A pig, a duck, and a mutant lady walk into a camp full of angry ghouls. There's no punchline—just a game over screen, because those ghouls lit me up with rifles and molotovs before I got a chance to move. Dux? Barbecued. Bormin, my gruff boar scavenger? Skewered. Selma? Also barbecued. Look, these ghoul guys live out in the Zone, what survivors in Mutant Year Zero call the wasteland of this particular post-apocalypse. Point is, they don't discriminate who they set on fire.
Lesson learned: in Mutant Year Zero: Road to Eden, as in XCOM, the turn-based strategy game that heavily inspired it, positioning your characters behind cover is vital to staying alive. Unlike XCOM, though, Mutant Year Zero is part RPG and part stealth game, and my real mistake was failing to sneakily start the fight on my own terms. Most of my battles in Mutant Year Zero start with a few minutes of tense sneaking, where I position my party close to the enemy before triggering an ambush, allowing me to get the drop on them and attack first.
With silent weapons, like Dux's crossbow, you can pick off an isolated enemy and then end combat and move freely again, a technique I found satisfying every time I pulled it off. It also felt vital, because at least in the first couple hours of Mutant Year Zero's demo, I was always outnumbered, and a couple shots were enough to take down any of my characters. Medkits were in short supply.
Even with careful planning, it's easy for fights to go wrong. I've had enemies flank me when I had my characters too spread out, and getting lit on fire deals damage over time that's especially brutal. In the fight above, I got out by the skin of my teeth, even though I silently took out two patrolling sentries before tackling the main batch of ghouls.
Judging by its early hours, the combat in Mutant Year Zero doesn't feel like it'll have nearly the depth or breadth of XCOM, with its classes and many weapon types and upgrade trees for both your base and your soldiers. But it does feel deep enough to stay engaging, because the fundamentals of XCOM-style strategy games are just so strong. I was always weighing the trade-off between moving out of danger or taking a shot, of risking a shot now or using "overwatch" mode to hit an enemy when it charges at me, of using a precious medpack or trying to scrape through a fight without getting downed.
I especially like that Mutant's stealth system lets you keep characters in hiding, one-by-one, when you trigger a fight; it's possible to reveal one character and draw the enemy towards you, then pop a closer one out of cover for a good flanking shot. But again, there's risk, since enemies that get too close can discover you.(opens in new tab)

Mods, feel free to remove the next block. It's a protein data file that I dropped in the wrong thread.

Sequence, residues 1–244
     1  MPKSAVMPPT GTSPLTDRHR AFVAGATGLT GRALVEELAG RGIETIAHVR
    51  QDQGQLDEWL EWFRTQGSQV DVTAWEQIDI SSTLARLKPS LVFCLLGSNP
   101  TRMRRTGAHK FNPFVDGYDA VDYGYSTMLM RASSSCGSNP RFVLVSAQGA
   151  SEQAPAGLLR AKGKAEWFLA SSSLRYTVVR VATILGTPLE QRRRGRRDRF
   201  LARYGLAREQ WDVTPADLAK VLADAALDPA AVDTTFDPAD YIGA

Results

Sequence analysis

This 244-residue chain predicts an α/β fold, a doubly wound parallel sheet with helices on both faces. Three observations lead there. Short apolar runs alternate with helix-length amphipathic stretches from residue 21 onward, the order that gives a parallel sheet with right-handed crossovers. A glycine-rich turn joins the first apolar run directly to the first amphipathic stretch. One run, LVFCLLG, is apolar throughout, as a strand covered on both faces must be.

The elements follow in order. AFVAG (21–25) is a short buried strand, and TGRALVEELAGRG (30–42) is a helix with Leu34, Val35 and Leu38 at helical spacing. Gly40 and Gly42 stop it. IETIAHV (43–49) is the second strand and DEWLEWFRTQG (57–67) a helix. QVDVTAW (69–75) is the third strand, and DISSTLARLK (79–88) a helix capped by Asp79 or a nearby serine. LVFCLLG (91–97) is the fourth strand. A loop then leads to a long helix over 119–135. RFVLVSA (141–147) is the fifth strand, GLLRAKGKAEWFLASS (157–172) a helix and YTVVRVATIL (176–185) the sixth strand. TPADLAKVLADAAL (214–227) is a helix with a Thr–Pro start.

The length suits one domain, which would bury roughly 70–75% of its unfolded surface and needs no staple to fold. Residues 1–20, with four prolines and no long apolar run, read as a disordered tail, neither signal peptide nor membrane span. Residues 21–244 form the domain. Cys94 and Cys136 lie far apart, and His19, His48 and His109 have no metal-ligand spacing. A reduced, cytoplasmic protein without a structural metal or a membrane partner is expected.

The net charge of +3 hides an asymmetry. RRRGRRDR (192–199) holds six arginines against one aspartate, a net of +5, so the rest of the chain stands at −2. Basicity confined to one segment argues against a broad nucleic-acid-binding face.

Where the game really differentiates itself is in its RPG elements: exploring the Zone, a gorgeous and moody forest full of rusted cars and mossed over buildings, and listening to your characters chat with each other. They each have unique upgrade trees of mutations. Dux gets an early ability to trade some accuracy for a guaranteed crit, and a mid-tier skill lets him grow wings to reach high places or make long range sniper shots. The trees are simplistic, with just one or two abilities per tier, but do give you enough choice to nudge a character towards one playstyle or another.
And there's the potential for an interesting story as you try to save the Ark, a ramshackle city that houses the remnants of society. Near as I can tell, that's, like, 50 people, so things haven't been going great so far.
What I'm a little worried about is the exploration and RPG aspects of Mutant Year Zero never growing much more complex than what I've seen in its first two hours. I love the mood of the Zone's forest, but it's mostly devoid of interactable objects except the scrap you find to upgrade your equipment with back home. There's so far no decision-making other than "how do I start this fight" and "which character upgrades should I pick."(opens in new tab)
I like making those decisions, but for a game based on a pen-and-paper RPG, I'd hoped for characters to talk to, quests to find out in the world, and some degree of agency in how I shape my adventure. So far, I haven't really seen any of that. But maybe sidequests more sophisticated than what I've done so far—venture slightly off the beaten path to find a bit of loot—will come after the opening hours.
The personality, at least, I already mostly love. Dux and Bormin have a fun go-getter/grizzled veteran rapport, item descriptions are playful, and the ghouls you go up against spout off plenty of deranged ramblings. One thing, though: I really hope there aren't 30 hours of ducking duck puns ahead of me, because that particular line of jokes is already getting old after two.
Mutant Year Zero: Road to Eden is out in a month's time, on December 4.